"Add to this the social impact and potential physical discomforts of the disorder, and there are many aspects of rosacea that go well beyond its effects on personal appearance."
In recent NRS surveys, 69 percent of rosacea patients said they experienced a flare-up related to emotional stress at least once a month, and more than 90 percent of the respondents said they had suffered some form of physical discomfort from their condition. In earlier surveys, more than 76 percent said rosacea had lowered their self-esteem, and 88 percent of those with severe symptoms reported that it had adversely affected their professional interactions.
"It's important for people to know that rosacea can be effectively controlled with medical therapy and lifestyle modifications," Wolf said, "This can substantially improve the quality of their lives."
Although rosacea varies from one patient to another, the primary signs may include flushing or transient erythema (redness), persistent or nontransient erythema, papules (bumps) and pustules (pimples), or telangiectasia (visible blood vessels), according to the NRS standard classification of rosacea, developed by a consensus committee and review panel of 17 experts worldwide. Secondary features may include burning or stinging, plaques (raised patches on the skin), a dry appearance, edema (swelling), ocular manifestations, and phymatous changes, in which the skin thickens.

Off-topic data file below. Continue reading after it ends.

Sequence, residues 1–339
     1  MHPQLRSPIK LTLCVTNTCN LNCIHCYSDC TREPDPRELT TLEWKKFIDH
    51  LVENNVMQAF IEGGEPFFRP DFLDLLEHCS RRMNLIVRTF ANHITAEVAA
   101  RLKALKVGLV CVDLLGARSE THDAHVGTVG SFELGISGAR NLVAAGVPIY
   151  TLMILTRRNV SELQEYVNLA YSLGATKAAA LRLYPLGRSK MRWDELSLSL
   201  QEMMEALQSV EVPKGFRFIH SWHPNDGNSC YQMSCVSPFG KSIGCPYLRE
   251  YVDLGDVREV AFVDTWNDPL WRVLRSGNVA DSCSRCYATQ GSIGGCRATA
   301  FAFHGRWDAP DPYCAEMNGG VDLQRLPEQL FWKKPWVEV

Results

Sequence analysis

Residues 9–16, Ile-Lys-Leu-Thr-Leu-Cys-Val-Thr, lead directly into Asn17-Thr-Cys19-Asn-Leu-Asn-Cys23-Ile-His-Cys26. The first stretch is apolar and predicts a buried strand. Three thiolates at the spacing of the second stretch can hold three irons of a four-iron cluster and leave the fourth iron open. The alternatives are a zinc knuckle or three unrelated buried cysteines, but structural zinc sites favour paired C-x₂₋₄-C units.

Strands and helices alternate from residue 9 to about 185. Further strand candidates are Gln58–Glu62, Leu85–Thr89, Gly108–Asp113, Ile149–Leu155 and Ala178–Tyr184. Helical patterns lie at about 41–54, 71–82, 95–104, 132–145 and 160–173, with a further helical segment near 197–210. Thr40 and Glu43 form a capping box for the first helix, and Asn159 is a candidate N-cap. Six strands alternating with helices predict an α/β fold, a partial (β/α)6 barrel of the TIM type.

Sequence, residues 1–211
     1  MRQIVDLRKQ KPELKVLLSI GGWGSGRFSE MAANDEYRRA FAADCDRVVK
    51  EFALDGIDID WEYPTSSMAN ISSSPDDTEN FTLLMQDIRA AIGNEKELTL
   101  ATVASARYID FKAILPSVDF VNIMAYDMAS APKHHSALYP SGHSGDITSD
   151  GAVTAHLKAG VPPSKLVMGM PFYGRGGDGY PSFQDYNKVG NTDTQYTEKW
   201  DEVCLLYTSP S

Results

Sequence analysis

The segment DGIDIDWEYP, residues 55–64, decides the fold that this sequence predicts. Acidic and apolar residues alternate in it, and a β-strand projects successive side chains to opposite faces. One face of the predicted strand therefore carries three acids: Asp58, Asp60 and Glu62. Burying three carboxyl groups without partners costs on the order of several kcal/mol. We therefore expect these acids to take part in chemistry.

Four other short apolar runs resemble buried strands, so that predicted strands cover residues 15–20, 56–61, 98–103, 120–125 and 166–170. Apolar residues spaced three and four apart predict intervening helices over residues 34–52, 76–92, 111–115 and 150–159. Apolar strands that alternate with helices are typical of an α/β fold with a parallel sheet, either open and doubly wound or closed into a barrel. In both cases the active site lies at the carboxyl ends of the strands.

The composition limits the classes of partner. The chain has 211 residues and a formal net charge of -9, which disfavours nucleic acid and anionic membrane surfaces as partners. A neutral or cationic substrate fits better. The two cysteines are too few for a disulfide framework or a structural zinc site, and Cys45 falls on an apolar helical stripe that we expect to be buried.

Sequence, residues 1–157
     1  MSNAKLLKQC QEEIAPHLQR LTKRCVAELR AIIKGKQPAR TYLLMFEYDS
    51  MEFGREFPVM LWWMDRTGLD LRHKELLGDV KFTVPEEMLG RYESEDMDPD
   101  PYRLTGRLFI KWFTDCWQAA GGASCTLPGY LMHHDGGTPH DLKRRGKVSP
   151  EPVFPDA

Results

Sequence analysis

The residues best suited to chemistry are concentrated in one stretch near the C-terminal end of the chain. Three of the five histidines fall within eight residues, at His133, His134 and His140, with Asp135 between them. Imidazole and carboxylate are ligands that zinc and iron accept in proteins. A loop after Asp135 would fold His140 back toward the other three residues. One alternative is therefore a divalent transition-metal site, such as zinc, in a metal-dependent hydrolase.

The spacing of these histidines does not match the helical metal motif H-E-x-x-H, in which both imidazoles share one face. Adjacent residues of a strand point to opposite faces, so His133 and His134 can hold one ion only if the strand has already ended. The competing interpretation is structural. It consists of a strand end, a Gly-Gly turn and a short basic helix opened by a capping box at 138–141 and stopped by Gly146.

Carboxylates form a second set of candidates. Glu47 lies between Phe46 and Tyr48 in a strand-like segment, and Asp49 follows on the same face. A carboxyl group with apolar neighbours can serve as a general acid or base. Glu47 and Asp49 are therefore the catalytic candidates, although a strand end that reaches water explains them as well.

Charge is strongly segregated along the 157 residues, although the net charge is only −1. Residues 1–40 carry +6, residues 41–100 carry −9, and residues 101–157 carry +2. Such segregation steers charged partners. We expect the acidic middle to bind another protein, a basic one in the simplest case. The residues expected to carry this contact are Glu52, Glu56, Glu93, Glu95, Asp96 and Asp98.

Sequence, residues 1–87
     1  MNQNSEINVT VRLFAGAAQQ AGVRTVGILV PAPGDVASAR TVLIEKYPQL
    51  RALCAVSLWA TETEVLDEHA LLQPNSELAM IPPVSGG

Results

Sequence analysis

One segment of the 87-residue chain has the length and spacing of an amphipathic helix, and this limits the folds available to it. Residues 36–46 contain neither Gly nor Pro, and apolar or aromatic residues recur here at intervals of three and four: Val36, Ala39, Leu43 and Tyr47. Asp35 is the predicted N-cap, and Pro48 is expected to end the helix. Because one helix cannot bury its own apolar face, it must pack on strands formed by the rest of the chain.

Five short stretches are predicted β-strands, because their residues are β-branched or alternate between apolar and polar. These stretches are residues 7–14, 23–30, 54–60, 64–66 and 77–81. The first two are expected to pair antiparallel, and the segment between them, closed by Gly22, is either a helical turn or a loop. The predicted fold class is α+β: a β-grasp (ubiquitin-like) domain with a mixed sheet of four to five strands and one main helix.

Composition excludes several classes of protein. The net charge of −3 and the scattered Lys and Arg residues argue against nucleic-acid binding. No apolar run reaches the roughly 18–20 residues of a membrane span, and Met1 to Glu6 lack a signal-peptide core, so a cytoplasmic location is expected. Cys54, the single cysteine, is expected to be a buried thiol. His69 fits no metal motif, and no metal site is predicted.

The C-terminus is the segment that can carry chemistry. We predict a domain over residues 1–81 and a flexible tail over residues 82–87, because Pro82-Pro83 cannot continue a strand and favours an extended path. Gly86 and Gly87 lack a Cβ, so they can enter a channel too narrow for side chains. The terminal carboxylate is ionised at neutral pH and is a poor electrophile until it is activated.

The standard subtypes of rosacea reflect the most common patterns of signs and symptoms, and characteristics of more than one subtype may occur at the same time. Subtype 1 (erythematotelangiectatic) rosacea is characterized by flushing and persistent redness on the central portion of the face, while subtype 2 (papulopustular) rosacea also features papules and pustules. Subtype 3 (phymatous) rosacea includes thickening of the skin, irregular nodularities and enlargement, especially of the nose. Subtype 4 is ocular rosacea, where the eyes may have a watery or bloodshot appearance, the sensation of a foreign body, burning or stinging, dryness, itching, light sensitivity or a host of other signs and symptoms.
During April and throughout the year, individuals may contact the National Rosacea Society at 888-NO-BLUSH or www.rosacea.org.